As cyber claims costs are on the rise, policyholders need to enhance security measures and protocols to protect their systems and data in order to secure appropriate insurance protection at renewal.
The pace of change
The cyber insurance market is hardening at pace, with insurers’ rate-increase forecasts changing every quarter. Premium is going up while there is also pressure on limits and self-insured retentions. Underwriters are scrutinising insureds’ protocols, policies and security
Today’s cyber market is such that organisations which do not maintain enhanced security measures and protocols to protect their systems and data, may find that insurance is no longer available to them. The deployment of multi-factor authentication (MFA), for example, and next generation endpoint protection, have become minimum standards to some underwriters. The use of MFA is seen as the mandatory cyber equivalent of locks on doors and windows under domestic policies, while endpoint protection can be compared to sprinklers under a fire policy.
This renewed security focus by the cyber insurance market is a reaction to the dramatic increase in the frequency and severity of cyber claims during the latter part of 2019 and across 2020.
The changing nature of claims
Lockton's Global Cyber and Technology Team in London has worked closely with our Cyber Claims Team to provide some context around the frequency and severity of cyber claims.
During 2020, Lockton London saw a 144% increase in ransomware-related notifications.
Initial ransom demands increased tenfold, making a seven-figure
demands the norm rather than the exception, with the largest being
upwards of $30m.
Ransomware was the cause of about 7% of claims notified to Lockton
in 2019, with the cost of these claims representing approximately 70% of
total amounts paid by insurers. By contrast, in 2020 ransomware was the
cause of about 15% of all notified claims, accounting for 95% of the
The total number of notifications to Lockton decreased in the last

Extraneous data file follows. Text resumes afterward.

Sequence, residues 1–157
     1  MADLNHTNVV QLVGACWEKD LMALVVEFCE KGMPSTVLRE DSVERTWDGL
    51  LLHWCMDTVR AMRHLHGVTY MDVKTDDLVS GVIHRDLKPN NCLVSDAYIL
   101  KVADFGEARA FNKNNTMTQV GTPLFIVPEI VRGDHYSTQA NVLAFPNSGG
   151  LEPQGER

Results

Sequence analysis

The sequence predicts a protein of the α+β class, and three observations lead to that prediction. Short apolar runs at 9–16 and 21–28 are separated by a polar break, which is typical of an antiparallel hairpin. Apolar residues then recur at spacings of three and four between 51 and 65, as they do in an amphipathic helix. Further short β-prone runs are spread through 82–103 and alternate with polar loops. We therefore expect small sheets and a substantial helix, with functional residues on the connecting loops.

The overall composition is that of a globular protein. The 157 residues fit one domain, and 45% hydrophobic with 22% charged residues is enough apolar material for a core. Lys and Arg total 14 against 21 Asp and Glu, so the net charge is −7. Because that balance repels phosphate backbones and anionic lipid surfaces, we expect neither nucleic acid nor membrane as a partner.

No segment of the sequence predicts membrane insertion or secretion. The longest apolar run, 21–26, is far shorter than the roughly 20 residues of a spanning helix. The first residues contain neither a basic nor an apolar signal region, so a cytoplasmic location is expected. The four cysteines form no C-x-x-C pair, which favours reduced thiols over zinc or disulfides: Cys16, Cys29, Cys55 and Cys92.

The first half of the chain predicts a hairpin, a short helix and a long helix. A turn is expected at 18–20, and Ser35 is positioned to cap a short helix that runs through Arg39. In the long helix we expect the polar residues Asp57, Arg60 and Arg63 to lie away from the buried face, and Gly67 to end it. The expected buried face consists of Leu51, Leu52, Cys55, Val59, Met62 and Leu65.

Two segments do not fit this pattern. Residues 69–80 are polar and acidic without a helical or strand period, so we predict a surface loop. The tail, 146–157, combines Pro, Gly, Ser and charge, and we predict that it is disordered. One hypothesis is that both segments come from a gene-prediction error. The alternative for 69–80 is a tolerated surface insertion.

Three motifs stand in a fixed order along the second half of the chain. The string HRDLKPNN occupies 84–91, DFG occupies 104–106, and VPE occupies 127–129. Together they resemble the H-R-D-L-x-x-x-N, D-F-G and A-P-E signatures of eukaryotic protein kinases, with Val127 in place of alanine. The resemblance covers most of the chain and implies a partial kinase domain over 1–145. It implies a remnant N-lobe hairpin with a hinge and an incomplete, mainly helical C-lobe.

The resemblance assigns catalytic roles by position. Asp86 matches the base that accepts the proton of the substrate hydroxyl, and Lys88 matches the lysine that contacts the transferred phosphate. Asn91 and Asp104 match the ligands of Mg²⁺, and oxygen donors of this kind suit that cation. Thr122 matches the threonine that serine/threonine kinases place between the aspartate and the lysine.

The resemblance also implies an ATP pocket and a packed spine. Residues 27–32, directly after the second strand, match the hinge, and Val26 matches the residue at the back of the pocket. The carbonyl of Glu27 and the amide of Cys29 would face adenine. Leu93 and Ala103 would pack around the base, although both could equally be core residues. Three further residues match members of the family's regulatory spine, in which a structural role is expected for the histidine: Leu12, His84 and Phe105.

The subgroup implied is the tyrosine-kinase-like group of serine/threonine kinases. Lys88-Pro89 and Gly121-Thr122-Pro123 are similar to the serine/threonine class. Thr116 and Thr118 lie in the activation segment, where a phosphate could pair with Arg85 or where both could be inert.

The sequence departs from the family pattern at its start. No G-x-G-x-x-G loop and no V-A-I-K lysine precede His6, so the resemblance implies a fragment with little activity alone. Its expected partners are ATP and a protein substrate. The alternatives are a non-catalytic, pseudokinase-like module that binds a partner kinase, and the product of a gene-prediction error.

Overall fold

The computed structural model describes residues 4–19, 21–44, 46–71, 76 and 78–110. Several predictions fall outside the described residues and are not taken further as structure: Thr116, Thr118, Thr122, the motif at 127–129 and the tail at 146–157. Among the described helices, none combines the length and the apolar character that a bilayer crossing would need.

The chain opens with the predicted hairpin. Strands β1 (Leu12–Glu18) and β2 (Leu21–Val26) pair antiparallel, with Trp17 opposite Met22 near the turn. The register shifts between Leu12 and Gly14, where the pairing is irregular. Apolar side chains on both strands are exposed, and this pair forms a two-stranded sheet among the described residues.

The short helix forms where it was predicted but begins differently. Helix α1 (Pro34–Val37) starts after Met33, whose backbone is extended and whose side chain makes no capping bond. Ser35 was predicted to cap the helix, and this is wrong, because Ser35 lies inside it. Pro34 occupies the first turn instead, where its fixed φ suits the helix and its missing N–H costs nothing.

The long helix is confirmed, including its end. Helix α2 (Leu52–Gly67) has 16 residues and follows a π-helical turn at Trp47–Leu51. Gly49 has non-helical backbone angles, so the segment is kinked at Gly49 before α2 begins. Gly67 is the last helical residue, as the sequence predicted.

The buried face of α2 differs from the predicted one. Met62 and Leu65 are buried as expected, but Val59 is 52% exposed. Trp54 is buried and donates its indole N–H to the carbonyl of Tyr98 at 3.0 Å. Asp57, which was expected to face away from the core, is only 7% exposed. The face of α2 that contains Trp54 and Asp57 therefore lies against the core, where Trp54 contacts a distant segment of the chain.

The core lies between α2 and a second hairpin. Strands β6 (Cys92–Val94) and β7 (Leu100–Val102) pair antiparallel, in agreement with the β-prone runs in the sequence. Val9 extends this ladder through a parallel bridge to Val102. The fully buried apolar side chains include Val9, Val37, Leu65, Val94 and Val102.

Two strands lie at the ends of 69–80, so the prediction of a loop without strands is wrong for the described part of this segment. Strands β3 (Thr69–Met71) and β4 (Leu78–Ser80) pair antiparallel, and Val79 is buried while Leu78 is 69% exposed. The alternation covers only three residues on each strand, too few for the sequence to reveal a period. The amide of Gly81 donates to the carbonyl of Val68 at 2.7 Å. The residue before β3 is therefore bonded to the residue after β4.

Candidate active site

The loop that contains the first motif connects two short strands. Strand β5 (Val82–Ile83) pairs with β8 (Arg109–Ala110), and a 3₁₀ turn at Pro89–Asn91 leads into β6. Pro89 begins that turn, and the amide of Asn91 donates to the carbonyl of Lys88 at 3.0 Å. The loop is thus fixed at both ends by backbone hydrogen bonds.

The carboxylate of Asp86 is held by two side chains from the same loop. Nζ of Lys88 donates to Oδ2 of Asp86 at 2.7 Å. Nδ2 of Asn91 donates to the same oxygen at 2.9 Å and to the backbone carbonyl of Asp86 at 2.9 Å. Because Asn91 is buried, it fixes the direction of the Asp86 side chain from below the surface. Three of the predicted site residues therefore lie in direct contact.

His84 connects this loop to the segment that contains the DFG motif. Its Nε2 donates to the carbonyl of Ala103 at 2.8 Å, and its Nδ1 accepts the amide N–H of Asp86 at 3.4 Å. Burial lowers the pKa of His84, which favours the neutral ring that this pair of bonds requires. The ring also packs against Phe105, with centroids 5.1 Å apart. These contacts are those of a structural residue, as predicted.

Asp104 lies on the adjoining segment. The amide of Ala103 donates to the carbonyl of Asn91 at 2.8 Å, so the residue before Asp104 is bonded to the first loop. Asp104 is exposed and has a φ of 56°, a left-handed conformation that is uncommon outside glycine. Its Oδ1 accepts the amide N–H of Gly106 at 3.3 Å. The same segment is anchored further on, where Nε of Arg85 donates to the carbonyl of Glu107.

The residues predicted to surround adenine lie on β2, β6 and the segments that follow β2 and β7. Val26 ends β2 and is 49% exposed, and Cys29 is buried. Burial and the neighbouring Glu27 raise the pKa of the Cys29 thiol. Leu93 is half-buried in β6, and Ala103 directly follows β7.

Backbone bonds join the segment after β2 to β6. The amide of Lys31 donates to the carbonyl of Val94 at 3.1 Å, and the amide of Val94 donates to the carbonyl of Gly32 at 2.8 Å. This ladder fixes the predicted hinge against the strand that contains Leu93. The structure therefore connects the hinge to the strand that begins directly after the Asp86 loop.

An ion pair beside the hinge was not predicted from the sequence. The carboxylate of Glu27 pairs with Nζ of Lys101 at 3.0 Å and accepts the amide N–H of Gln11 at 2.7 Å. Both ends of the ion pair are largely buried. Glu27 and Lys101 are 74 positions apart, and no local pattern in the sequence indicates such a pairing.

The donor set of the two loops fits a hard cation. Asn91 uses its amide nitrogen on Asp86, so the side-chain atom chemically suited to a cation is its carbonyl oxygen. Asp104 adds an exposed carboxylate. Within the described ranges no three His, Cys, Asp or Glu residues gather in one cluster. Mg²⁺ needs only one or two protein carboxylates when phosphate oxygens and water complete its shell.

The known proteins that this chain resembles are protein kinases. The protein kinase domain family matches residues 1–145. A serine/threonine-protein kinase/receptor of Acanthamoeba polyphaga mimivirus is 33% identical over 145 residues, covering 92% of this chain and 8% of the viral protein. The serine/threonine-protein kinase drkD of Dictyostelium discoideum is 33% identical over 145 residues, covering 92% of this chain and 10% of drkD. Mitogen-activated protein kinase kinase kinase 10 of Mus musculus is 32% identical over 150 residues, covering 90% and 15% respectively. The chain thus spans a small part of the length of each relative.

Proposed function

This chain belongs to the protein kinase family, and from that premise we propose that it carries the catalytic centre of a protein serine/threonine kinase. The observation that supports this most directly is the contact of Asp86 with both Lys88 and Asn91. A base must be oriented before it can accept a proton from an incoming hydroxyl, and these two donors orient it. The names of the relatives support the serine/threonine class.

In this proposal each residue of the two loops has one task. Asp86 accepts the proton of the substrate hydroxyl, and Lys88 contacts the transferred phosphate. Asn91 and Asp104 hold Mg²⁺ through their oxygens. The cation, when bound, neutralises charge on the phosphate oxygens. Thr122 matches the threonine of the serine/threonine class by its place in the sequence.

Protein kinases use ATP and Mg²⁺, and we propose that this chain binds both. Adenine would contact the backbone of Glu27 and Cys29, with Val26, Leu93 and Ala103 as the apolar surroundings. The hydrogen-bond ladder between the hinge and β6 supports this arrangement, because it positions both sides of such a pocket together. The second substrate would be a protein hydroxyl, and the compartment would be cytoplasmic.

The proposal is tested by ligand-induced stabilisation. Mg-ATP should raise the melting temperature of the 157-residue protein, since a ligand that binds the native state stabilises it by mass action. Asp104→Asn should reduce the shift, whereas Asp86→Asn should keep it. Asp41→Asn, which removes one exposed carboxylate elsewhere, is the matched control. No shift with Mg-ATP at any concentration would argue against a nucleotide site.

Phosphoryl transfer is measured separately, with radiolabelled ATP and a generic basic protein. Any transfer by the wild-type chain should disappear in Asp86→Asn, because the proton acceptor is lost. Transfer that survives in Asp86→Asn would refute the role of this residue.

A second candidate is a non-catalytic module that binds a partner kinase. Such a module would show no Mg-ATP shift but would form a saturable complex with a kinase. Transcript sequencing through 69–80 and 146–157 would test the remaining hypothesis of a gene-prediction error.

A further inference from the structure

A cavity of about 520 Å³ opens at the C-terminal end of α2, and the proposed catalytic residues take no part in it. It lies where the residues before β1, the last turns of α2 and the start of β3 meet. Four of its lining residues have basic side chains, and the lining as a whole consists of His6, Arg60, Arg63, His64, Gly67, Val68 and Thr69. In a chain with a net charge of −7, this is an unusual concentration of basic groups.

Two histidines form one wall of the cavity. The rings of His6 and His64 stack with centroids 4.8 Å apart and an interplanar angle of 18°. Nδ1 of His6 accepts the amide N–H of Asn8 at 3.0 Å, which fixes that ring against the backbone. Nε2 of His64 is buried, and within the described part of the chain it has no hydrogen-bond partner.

12 months by about 15%, but the costs of claims increased substantially.
However, cyber insurance claims typically take an average of 2-3 years to develop fully when accounting for the long tail aspects of the incident such as third party litigation and regulatory interest.
Applying a standard development pattern to the current claims incurred, we predict the 2020 paid claims position to be approximately 250% higher than in 2019. To put this into context, our Cyber Claims Team predicts that the total amount of claims paid in 2020 has the potential to reach $100m in the next 48 months.
Against this background, insurers have been applying increased premiums and greater underwriting scrutiny to protect their balance sheets and profitability. They are managing their exposure by reducing line sizes and/or applying sub-limits of liability; as well as by
increasing premiums and self-insured retentions. Often, these are applied simultaneously.
Data and regulatory breaches
Ransomware was under the spotlight in 2020, often due to the enormous ransom demands attached to such attacks. However, other “traditional” cyber events such as data breaches (and the ensuing regulatory implications) and denial of service attacks, continued to hit underwriters’ portfolios, contributing to the hardening of the market.
The increase in notifications under BIPA (Biometric Information Privacy Act) in Illinois is one particular trend that is raising concerns amongst the underwriting community. Statutory damages range between $1,000 to $5,000 per violation depending on recklessness of the act, potentially leading to some large claims. To put some context around the potential magnitude of these claims, in early 2020 Facebook paid $550m to settle a class action arising out of BIPA breaches.
Notifications of GDPR breaches are also on the rise. The number of daily breach notifications to European regulators increased by 19% in the last 12 months, according to DLA Piper, a law firm. The total number of breach notifications to the various EU and UK regulators is around
281,000 since the GDPR came into force in May 2018 but is increasing steadily. Whilst there is still uncertainty as to the insurability of GDPR fines and penalties, market-leading cyber policies will cover regulatory investigation costs. The potential impact of this additional exposure for cyber underwriters is evident.
Inevitably there will be some challenging discussions leading up to cyber renewals with potentially sharp increases in both premiums and retentions. Unfortunately, there will be insureds which have never had a claim in their history which will nonetheless be subjected to similar increases. This is a difficult message for brokers to deliver and for clients to digest. The best strategy is to prepare early for the renewal process, engaging in full and frank discussions. Doing so provides risk managers and chief financial officers (CFOs) with the time to understand, discuss and strategise with their stakeholders, avoiding last minute surprises.